The American Spice Trade Association (ASTA) has written to the Spices Board of India clarifying that ethylene oxide is approved for use on spices in the US under prescribed tolerance limits. Reacting to the recent criticism over use of ETO in spices, the industry body added that any move to prohibit “this critical treatment method” could result in “unintended implications” regarding compliance of Indian spices with US food safety regulations.

This comes at a time when some spice products were recalled by food safety regulators in Hong Kong and Singapore. This led Spices Board of India to issue guidelines advising exporters against using ETO as a sterilising agent in spices consignments suggesting alternatives. It has also provided the Maximum Residue Limits (MRL) for ETO permitted in major markets, including the EU, the UK, the US in the guidelines. ASTA represents over 200 companies that are involved in manufacturing and marketing of spices in the US.

Risk of pathogens

The industry body pointed out that the US imports more than 1,00,000 mt of spices from India, valued at over $360 million annually. “All of which needs to be treated with a validated kill step such as ETO (ethylene oxide), prior to being sold in the US market. Current US regulations permit the use of ETO treatment on imported spices and spice products as long as residues adhere to the prescribed tolerances. Moreover, without the use of ETO on spices, imported products are at a higher risk of the presence of pathogens and non-compliance with FDA food safety regulations,” the ASTA letter stated.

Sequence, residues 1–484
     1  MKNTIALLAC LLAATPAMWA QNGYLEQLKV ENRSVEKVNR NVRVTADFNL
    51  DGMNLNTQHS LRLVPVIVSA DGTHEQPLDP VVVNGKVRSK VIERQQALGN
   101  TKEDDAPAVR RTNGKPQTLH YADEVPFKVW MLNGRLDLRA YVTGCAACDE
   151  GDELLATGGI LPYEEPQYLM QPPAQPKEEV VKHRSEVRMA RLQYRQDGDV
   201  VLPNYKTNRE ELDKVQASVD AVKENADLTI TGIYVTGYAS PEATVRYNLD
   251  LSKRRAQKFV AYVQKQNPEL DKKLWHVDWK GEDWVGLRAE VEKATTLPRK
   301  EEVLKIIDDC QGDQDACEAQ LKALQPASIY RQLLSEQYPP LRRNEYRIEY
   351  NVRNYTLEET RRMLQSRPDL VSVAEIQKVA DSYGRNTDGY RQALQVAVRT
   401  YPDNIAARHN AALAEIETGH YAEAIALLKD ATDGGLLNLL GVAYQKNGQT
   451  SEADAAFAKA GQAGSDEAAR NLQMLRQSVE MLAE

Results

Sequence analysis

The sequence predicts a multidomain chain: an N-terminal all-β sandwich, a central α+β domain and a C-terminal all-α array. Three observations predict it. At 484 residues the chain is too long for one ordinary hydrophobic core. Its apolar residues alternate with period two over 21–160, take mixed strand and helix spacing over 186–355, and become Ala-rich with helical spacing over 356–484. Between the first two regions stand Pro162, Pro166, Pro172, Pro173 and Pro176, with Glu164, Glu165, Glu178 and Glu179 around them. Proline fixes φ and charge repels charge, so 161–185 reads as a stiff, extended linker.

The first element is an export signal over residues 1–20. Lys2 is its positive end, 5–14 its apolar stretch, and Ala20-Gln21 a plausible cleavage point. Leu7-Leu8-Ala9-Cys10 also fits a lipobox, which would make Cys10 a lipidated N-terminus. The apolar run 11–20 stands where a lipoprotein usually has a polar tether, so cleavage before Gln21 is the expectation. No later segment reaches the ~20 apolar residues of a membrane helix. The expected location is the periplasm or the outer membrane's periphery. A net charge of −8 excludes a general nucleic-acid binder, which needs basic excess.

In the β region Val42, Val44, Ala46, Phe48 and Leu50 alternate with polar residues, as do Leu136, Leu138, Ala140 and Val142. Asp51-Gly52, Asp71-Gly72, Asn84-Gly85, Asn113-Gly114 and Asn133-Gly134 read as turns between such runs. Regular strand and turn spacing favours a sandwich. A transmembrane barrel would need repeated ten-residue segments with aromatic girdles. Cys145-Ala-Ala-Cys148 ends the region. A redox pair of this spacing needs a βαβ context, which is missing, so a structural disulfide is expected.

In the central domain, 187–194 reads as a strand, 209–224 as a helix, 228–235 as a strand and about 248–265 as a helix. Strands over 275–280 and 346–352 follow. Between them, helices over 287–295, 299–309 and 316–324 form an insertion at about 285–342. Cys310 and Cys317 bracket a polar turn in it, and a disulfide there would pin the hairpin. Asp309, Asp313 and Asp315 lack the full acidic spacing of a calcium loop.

Stating that ETO is an approved antimicrobial fumigant in the U.S, ASTA also pointed out that its tolerance limit or Maximum Residue Levels is set at 7 ppm for herbs and spices. “Both, the US Food and Drug Administration (FDA) and the US Environmental Protection Agency (EPA), have concluded that consumption of spices treated with ETO is safe. The US spice industry relies on ETO sterilisation as one of the primary methods to comply with the FDA regulations,” it added. ETO has been one one of the key methods used by the US spice importers to comply with these requirements.

“Spices that do not undergo a “validated kill step” prior to import to the US will be deemed “Not Ready-To-Eat” and are required to be labelled with a “Not Processed to Control Microbial Hazards” disclosure,” it added. 

ASTA stressed “prohibiting this critical treatment method has the potential to result in serious unintended implications regarding compliance of Indian spices with US food safety regulations.”